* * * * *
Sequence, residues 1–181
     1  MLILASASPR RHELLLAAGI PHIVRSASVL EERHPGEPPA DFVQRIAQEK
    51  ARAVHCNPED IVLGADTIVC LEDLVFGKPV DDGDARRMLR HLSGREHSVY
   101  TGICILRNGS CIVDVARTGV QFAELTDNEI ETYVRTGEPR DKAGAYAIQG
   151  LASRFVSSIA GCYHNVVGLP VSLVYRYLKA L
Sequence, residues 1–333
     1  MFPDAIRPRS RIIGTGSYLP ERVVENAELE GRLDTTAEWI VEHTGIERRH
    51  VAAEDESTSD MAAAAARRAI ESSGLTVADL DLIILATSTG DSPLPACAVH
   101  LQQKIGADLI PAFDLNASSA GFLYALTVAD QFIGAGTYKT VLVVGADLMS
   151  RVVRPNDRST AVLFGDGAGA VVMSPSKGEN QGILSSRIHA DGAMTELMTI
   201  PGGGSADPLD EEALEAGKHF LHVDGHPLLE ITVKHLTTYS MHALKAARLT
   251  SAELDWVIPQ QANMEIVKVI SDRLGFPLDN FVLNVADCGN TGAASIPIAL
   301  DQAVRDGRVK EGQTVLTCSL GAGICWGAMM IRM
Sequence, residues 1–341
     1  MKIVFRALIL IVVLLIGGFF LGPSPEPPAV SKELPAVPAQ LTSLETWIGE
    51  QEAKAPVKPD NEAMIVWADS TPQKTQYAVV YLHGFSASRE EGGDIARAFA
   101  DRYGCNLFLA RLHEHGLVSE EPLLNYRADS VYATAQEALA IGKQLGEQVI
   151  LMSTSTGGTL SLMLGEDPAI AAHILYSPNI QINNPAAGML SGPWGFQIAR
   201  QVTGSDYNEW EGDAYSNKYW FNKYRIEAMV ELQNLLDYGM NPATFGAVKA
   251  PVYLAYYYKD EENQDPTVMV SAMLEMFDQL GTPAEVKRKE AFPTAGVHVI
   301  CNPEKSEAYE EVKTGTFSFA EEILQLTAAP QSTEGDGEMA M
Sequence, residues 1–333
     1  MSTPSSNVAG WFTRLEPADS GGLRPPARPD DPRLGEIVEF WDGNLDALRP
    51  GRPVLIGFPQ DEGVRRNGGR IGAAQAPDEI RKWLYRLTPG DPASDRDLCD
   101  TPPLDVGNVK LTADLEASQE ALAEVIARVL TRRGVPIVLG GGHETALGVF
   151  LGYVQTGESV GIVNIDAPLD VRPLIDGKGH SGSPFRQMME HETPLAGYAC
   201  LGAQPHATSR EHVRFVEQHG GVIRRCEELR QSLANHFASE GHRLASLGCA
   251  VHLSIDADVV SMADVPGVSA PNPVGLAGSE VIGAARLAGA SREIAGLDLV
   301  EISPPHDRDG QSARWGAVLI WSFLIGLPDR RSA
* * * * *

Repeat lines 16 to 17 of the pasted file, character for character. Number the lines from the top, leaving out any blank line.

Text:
    51  QEAKAPVKPD NEAMIVWADS TPQKTQYAVV YLHGFSASRE EGGDIARAFA
   101  DRYGCNLFLA RLHEHGLVSE EPLLNYRADS VYATAQEALA IGKQLGEQVI